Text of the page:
Sports massage HAS to hurt to be effective
Sports massage is very similar to deep tissue massage in that both require the therapist to use firm pressure. This pressure CAN be uncomfortable when the muscle is tight or overworked, there is scar tissue present or the client is suffering with DOMS (Delayed Onset of Muscle Soreness aka the pain in your muscles the day after intense exercise!). If the discomfort for the client is too much, they may find it difficult to keep the affected muscles relaxed which would lead to an intensified level of pain and a less effective treatment. The common rule is that the client should mostly feel that the massage pressure is tolerable. If the pressure is too soft, the treatment may be less effective. Some people either with a high pain threshold or with healthy muscle tissue may not feel any pain or discomfort at all during treatment. This doesn’t mean that their treatment is less effective than others.
Sports massage releases ‘toxins’
This is a popular myth. Lots of therapists tell their clients that they are ‘releasing toxins’ from the muscles, without really knowing what this means or even what ‘toxins’ are. The National Center for Complementary and Alternative Medicine have conducted multiple studies on the effects of massage on the body and none of these show any relation to a release of toxins.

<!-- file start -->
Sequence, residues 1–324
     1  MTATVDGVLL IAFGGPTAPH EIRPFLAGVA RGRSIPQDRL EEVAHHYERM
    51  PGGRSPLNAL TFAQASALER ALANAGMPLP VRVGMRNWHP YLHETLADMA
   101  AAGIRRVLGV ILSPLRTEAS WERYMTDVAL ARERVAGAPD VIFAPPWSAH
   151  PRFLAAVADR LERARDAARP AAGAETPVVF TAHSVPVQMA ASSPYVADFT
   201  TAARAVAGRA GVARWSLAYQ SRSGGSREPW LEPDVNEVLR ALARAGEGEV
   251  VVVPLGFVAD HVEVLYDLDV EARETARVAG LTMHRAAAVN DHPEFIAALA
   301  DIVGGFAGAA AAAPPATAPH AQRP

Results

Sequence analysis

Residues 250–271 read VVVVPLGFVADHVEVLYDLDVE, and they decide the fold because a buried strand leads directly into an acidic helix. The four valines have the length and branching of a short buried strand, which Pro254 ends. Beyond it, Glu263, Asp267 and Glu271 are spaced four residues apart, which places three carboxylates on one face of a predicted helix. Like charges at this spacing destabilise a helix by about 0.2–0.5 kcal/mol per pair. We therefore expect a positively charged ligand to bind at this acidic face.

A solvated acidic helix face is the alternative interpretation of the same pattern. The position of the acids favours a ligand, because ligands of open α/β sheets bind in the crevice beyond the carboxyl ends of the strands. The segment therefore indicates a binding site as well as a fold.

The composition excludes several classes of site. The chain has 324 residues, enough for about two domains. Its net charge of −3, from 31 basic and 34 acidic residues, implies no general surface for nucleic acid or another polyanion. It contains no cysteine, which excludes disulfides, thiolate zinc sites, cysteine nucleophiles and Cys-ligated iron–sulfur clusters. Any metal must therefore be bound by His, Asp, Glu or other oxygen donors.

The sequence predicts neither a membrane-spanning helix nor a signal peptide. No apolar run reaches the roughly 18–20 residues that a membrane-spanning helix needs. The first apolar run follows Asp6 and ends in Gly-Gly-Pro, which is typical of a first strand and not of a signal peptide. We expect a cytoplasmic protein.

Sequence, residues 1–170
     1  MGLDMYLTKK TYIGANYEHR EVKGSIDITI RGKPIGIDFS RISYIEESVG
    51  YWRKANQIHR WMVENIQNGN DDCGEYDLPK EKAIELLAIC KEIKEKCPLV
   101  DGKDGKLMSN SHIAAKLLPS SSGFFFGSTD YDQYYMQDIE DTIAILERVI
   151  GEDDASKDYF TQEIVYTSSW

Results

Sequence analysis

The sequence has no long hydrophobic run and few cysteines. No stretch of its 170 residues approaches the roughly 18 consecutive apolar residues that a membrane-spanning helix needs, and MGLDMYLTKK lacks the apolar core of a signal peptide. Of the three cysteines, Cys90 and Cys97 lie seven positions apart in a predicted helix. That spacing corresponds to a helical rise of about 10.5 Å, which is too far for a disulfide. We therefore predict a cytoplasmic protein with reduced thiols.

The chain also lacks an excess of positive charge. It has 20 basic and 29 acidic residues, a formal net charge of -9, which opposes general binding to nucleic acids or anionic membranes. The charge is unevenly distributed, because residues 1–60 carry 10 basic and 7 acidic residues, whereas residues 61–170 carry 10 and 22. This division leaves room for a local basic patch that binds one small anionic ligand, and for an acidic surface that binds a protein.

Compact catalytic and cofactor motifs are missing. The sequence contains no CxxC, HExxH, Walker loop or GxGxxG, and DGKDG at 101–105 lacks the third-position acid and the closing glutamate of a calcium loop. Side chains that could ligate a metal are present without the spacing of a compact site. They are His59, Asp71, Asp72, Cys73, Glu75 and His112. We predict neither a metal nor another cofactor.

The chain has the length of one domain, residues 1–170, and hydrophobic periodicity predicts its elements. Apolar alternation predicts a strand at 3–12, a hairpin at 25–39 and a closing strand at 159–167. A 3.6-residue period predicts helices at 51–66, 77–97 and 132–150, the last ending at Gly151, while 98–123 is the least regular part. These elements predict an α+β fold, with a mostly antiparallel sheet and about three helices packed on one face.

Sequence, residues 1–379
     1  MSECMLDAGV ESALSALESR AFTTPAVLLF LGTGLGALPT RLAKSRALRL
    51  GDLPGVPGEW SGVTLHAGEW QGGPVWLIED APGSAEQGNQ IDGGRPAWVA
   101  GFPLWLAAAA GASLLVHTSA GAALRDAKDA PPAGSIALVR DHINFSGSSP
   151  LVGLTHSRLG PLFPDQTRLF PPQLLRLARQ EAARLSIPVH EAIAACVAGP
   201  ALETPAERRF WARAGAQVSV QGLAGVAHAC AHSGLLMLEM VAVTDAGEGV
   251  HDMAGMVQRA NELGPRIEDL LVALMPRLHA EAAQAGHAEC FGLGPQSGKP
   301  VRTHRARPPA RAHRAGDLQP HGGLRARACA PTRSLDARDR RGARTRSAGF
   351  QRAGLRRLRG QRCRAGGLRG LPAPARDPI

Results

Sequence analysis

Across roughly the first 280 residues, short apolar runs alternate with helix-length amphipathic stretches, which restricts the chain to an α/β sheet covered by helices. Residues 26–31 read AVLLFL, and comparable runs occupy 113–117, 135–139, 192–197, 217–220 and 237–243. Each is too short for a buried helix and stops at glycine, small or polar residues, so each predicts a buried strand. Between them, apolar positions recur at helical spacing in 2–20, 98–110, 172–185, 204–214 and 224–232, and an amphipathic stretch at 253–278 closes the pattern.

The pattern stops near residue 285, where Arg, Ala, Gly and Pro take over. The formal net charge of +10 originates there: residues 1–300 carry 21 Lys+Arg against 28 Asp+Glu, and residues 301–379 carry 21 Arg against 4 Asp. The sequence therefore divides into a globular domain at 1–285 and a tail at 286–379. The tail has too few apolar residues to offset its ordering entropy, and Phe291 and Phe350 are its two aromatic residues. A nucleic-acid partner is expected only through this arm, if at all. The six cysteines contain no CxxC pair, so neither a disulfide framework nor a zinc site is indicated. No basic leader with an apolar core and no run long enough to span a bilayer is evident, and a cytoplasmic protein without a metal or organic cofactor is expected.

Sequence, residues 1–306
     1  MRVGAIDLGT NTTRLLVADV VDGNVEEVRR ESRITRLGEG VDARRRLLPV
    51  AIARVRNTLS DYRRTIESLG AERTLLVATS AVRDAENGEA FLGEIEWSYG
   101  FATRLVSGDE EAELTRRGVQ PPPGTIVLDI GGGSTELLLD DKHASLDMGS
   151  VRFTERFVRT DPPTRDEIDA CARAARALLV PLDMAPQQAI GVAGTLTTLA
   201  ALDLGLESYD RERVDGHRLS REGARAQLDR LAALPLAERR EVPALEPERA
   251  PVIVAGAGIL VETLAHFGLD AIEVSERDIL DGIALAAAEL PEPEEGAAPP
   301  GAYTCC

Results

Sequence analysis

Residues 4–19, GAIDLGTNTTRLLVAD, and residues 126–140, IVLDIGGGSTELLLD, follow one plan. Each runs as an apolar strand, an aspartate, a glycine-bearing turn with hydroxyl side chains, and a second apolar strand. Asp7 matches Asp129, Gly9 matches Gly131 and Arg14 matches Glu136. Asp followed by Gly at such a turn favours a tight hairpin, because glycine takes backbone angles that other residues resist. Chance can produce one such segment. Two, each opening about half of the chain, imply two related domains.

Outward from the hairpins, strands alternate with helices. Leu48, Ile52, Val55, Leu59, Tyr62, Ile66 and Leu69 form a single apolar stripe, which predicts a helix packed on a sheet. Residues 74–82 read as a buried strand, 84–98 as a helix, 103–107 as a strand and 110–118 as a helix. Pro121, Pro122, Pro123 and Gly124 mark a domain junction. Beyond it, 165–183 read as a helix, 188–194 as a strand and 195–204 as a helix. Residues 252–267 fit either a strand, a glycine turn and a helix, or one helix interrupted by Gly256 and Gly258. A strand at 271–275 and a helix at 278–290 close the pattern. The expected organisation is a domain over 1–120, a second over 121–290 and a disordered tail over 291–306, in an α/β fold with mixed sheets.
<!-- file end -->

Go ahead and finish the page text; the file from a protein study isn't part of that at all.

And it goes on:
You must drink LOADS of water post-massage
Linked to the last myth, therapists who tell you that they have ‘released toxins’ from your muscles, will usually follow this with advise of drinking ‘plenty of water’ to ‘flush out the toxins’. Despite common misconception, massage does not increase your body’s need for water at all. That being said, you should always drink to thirst and sip water throughout the day to ensure that you stay hydrated and maintain healthy organs.
You shouldn’t question your therapist – they’re the expert after all…
Most massage therapists genuinely want your treatment to be as effective as possible. It is vital that you communicate with your therapist to ensure that the treatment is right for you. This includes telling your therapist if the pressure is not right, they are not quite hitting the spot, you’d like it if they used a bit more oil, you’d like another pillow/towel or anything else that would make the treatment better for you. A good therapist will leave their ego at the door and appreciate that their client feels confident and comfortable enough to ask for what they want out of their treatment.